When Marton Library faced closure as a result of government cuts to local authorities the whole community rallied round to save this vital facility. It was vital that volunteers came forward to assist the library service and a whole raft of community events and activities were centred on a building at the heart of the suburb. For instance a guided walk next Saturday from Guisborough walkway back to the library.
On Saturday morning Marton Library’s celebrations formed part of the final fling of Middlesbrough Literary Festival with comedy script writer and author Dean Wilkinson hosting a workshop. There were also children busy with activities in a corner and Yorkshire poet Jane Sharp was on hand to read her work and sell From Maths to Making Tea, a specially collated booklet for the event.
MP Tom Blenkinsop once used this library as a youngster when he lived around the corner. So it was very apt that he should cut the cake to celebrate the birthday with former staff, volunteers and many of the library users.
Like Tom I also used to live near here in Chestnut Drive and being pretty much the same age as the library you could say we grew up together. I remember borrowing books here when attending Captain Cook school, non fiction usually about trains, bridges, the British Isles and different countries around the world things like that. This place helped fire my imagination and love of history and geography. It certainly set many of us on the way to developing our reading skills and getting lost in our hobbies as well as our early studies.
The events took place just a mile or so north of Stewart Park parkrun and I recognised a couple of runners and volunteers from that event. A couple of miles further north again perhaps 250 people were also running at Albert Park parkrun. Three popular community binding events, using council facilities but reliant on volunteers to give their time and energy.
I chatted briefly to Tom Blenkinsop MP for Middlesbrough South and East Cleveland about the library birthday.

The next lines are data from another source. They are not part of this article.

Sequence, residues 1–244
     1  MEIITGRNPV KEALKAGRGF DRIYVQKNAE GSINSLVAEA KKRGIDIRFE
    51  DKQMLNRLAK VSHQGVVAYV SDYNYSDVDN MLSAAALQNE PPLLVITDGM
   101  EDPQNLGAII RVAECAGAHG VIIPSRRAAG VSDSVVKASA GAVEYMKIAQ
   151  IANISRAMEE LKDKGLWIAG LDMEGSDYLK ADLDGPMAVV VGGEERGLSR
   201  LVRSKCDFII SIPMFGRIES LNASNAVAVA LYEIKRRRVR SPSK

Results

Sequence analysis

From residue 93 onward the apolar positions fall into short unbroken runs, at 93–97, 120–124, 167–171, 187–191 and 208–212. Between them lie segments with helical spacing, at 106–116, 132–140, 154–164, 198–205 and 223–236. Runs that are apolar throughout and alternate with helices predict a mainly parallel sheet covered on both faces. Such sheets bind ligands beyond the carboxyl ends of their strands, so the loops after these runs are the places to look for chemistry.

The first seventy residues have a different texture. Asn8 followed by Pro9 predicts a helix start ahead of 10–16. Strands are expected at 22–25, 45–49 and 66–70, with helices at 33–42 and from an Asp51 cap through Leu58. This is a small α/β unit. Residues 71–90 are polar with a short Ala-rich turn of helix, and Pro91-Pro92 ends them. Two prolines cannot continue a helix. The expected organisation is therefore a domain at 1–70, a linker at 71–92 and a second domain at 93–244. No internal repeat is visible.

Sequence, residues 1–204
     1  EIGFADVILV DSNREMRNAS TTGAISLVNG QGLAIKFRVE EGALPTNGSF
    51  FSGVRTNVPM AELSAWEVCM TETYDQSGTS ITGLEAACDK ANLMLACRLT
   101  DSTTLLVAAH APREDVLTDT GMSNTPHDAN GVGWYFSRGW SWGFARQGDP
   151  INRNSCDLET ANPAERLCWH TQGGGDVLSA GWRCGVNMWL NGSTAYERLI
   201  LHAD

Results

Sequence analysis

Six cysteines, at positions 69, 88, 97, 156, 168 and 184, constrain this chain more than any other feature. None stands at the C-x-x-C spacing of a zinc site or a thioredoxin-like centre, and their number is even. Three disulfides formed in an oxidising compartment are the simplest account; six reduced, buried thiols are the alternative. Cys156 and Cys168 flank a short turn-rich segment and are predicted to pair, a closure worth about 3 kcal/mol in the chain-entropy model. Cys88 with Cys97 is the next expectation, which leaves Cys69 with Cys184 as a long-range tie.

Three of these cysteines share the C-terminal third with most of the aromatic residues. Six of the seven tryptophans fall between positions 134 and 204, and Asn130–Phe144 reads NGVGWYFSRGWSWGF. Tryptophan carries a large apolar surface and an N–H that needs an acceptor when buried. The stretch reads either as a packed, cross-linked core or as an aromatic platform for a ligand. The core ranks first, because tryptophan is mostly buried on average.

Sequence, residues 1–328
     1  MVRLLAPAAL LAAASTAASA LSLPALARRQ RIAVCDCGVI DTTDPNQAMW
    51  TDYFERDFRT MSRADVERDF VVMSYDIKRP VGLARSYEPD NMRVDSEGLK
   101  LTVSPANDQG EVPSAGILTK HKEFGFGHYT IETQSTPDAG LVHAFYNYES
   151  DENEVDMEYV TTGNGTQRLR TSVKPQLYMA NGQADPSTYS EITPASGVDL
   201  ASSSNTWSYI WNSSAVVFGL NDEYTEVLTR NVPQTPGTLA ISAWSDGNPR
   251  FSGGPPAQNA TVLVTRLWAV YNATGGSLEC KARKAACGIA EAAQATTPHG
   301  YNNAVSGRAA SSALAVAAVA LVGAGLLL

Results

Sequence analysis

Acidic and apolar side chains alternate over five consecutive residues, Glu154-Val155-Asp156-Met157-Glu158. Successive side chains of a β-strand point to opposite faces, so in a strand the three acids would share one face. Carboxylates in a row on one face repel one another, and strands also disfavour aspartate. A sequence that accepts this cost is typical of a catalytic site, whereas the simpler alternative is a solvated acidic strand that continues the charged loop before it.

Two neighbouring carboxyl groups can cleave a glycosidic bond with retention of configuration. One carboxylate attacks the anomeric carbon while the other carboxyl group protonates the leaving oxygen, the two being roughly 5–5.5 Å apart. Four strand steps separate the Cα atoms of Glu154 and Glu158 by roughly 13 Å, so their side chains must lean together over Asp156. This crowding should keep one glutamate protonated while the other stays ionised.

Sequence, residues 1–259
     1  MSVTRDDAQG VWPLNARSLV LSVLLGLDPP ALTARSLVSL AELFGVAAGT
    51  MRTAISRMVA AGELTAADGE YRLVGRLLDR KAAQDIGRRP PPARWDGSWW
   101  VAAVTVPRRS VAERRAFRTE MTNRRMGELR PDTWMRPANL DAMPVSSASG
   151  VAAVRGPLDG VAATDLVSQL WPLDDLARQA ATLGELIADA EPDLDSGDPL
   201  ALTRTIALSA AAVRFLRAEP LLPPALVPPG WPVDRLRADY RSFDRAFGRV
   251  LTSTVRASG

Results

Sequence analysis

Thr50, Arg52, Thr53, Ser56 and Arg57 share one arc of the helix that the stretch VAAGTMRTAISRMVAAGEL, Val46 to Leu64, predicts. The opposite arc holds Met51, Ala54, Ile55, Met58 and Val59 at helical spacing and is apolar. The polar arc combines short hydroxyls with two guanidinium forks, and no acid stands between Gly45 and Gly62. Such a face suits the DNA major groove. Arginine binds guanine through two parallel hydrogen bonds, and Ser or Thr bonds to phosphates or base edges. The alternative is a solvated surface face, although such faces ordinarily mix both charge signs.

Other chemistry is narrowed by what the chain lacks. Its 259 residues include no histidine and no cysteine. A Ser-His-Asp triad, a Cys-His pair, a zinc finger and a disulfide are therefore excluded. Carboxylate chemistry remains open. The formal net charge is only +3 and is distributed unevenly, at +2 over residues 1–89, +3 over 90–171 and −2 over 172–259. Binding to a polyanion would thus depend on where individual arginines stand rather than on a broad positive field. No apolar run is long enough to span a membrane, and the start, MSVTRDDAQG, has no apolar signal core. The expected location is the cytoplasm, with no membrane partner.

Rob: We are at the 50th birthday party of Marton Library. Just how important is the library to its local community?
Tom: It is massively important for the local community. You have to pay tribute to the local councillors Tom Mawston and Dorothy Davidson for galvanising the local community around the Friends of Marton campaign. I remember when it kicked off and it has brought in loads and loads of different people from the community and spurned lots of other activities for residents here. For me, for someone that was brought up living round the corner and uses this library it is quite funny in a way coming along and celebrating the 50th birthday cutting the cake and celebrating it. But it is nice.
Rob: And if the library had closed and not made its 50th birthday just looking at all the events and activities on the walls that you were mentioning it would have been a big loss in all sorts of ways.
Tom: Any library closing is a loss to a community. We have got to remember that libraries are not just a warehouse for books they are living, active, breathing places where lots of other activities and events take place and they provide one of the pillars of society in helping literacy. That could be for young children in the local community but increasingly now adult literacy for some of our residents. You have got 60-70 year old pensioners living in the area who went straight into industry without any qualifications and weren’t really helped at school when they were younger because conditions such as dyslexia and dyspraxia were not diagnosed at the time and they never had the opportunity because they were never given the opportunity to read. These libraries and the volunteers here working with local schools and the council provide those opportunities and I think we have got to remember that it is not a straight forward A to Z route in life sometimes people go through different letters in different orders and end up at different points in time because opportunities are given or not given.